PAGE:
- Santo en el Museo de Cera (1963)
- Santo vs el Estrangulador (1963)
- Santo Contra el Espectro (1963)
- Blue Demon Contra el Poder Satánico (1964)
- El Hacha Diabólica (1964)
- Atacan las Brujas (1964)
- Profanadores de Tumbas (1965)
- El Barón Brákola (1965) (three episodes)
- Santo, el Enmascarado de Plata vs la Invasión de Los Marcianos (1966)
- Santo, el Enmascarado de Plata vs Los Villanos del Ring (1966)
- Operación 67 (1966)
- El Tesoro de Moctezuma (1966)
- Santo en el Tesoro de Drácula (1968
- Santo Contra Capulina (1968)
- Santo Contra Blue Demon en la Atlántida (1969)
- Santo y Blue Demon Contra Los Monstruos (1969)
- El Mundo de los Muertos (1969)
- Santo vs Los Cazadores de Cabezas (1969)
- Santo Frente A la Muerte (1969) (coproduced in Colombia and Spain)
- Santo en la Venganza de las Mujeres Vampiro (1970)
- Santo Contra Los Jinetes del Terror (1970)
- Santo vs la Mafia del Vicio (1970)
- Santo en la Venganza de la Momia (1970)
- Las Momias de Guanajuato (1970)
- Santo Contra Los Asesinos de Otros Mundos (1971)
- Santo vs la Hija de Frankenstein (1971)
- Misión Suicida (1971)
- Santo y el Aguila Real (el águila real) (1971)
- Santo Contra la Magia Negra (1972) (coproduced in Haití)
- Santo y Blue Demon Contra Drácula y el Hombre Lobo (1972)
- Las Bestias del Terror (1972)
- Anónimo Mortal (1972)
- Santo Contra Los Secuestradores (1972) (coproduced with Ecuador)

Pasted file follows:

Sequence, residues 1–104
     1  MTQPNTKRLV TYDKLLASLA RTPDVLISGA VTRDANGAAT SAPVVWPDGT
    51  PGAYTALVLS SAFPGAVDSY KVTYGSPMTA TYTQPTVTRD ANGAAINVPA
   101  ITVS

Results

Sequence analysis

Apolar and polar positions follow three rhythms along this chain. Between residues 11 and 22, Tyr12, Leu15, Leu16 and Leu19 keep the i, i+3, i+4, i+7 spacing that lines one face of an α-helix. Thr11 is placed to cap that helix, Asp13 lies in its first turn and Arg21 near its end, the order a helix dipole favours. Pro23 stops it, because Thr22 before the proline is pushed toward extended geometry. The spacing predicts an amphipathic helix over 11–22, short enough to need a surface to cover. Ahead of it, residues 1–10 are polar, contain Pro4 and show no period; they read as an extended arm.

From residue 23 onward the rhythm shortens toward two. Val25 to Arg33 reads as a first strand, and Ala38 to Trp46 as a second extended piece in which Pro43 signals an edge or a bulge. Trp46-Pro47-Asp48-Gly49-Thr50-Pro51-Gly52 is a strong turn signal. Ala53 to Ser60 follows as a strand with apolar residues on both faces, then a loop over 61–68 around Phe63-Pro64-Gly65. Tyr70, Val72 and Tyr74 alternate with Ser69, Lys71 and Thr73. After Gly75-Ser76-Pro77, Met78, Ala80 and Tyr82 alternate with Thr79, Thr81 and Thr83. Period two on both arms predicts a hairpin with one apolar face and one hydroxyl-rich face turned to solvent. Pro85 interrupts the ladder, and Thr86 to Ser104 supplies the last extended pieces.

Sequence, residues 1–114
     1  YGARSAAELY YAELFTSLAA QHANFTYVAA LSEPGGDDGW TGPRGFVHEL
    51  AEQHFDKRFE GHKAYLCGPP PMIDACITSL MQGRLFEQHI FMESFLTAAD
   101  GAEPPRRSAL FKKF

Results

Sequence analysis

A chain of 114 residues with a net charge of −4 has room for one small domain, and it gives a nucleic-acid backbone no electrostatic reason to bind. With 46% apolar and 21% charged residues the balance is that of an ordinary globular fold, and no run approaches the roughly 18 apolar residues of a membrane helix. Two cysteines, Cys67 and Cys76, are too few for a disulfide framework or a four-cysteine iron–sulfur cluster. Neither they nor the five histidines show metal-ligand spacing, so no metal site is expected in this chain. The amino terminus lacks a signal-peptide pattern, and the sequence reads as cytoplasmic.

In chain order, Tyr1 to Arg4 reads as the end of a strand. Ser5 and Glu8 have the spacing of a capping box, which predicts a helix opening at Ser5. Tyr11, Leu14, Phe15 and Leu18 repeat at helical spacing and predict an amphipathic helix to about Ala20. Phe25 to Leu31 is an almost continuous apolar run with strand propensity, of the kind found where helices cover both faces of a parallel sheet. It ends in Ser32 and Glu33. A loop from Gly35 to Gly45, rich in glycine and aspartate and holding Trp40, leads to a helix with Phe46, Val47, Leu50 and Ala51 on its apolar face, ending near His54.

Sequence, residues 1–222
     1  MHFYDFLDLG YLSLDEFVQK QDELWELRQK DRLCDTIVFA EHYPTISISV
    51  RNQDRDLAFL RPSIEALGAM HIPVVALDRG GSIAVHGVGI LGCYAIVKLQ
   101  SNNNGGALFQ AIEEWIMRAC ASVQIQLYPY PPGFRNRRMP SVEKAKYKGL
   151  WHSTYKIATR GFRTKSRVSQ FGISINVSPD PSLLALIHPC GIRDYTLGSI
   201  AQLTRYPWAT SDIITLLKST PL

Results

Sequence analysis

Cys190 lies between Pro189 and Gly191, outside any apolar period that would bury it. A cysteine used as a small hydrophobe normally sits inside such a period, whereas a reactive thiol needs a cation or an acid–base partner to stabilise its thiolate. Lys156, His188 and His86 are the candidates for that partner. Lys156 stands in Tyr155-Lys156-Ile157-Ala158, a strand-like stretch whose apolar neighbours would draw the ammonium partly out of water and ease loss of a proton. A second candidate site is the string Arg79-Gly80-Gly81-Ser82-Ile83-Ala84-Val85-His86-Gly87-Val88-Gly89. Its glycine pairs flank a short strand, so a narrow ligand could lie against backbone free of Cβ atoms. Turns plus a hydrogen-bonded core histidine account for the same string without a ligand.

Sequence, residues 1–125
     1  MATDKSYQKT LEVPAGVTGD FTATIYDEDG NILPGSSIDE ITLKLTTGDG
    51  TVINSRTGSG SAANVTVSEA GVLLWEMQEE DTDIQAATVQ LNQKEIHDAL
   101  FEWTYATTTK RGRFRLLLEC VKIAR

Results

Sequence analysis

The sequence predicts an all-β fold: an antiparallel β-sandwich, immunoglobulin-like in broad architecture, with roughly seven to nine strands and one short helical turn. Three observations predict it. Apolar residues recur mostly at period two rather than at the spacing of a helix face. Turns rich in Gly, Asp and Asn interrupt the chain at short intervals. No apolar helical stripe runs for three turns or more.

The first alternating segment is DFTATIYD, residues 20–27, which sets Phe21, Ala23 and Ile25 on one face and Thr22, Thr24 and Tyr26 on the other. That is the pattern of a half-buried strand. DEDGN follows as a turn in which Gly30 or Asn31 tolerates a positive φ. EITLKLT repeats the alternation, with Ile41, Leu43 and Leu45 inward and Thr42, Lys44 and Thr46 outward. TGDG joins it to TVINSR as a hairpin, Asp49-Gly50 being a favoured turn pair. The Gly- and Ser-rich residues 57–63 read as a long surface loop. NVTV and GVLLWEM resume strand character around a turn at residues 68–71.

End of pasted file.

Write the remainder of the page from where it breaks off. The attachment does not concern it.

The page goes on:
- Santo vs las Lobas (1972)
- Santo y Blue Demon Contra el Doctor Frankestein (1973)
- Santo Contra el Doctor Muerte (1973) (coproduced in Spain)
- Santo en el Misterio de la Perla Negra (1974) (coproduced in Colombia & Spain)
- La Venganza de la Llorona (1974)
- Santo en Oro Negro (1975) (coproduced in part in Puerto Rico)
- México de Mis Amores (1976) (documentary)
- Misterio en las Bermudas (1977)
- Santo en la Frontera del Terror (1979)
- Chanoc y el Hijo del Santo vs Los Vampiros Asesinos (1981) (special)
- Santo Contra el Asesino de la Televisión (1981)
- El Puño de la Muerte (1982)
- La Furia de Los Karatecas (1982)
Luchas de apuestas record
- ↑ mandosantosu. wordpress.com
- ↑ Box y Lucha 3339
- ↑ Box y Lucha 3339
- ↑ [[ http://saltilloarasdelona.blogspot.com/2012/06/imperio-rojo-rudo-de-epoca.html?m=1]]
- ↑ Hijo del Santo HDS
- ↑ Tercer Hombre would lose his mask multiple times - SuperLuchas
- ↑ part of a list in Lucha Libre 82, implied to be prior to Espanto I match
- ↑ part of a list in Lucha Libre 82, implied to be prior to Espanto I match
- ↑ part of a list in Lucha Libre 82, implied to be prior to Espanto I match
- ↑ part of a list in Lucha Libre 82, implied to be after the Espanto I match
- ↑ Lucha Libre 78
- ↑ Lucha Libre 109
- ↑ Lucha Libre 167
- ↑ http://superluchas.net/2014/12/17/en-un-dia-como-hoy-el-santo-rapo-chino-chow/
- ↑ Hijo del Santo HDS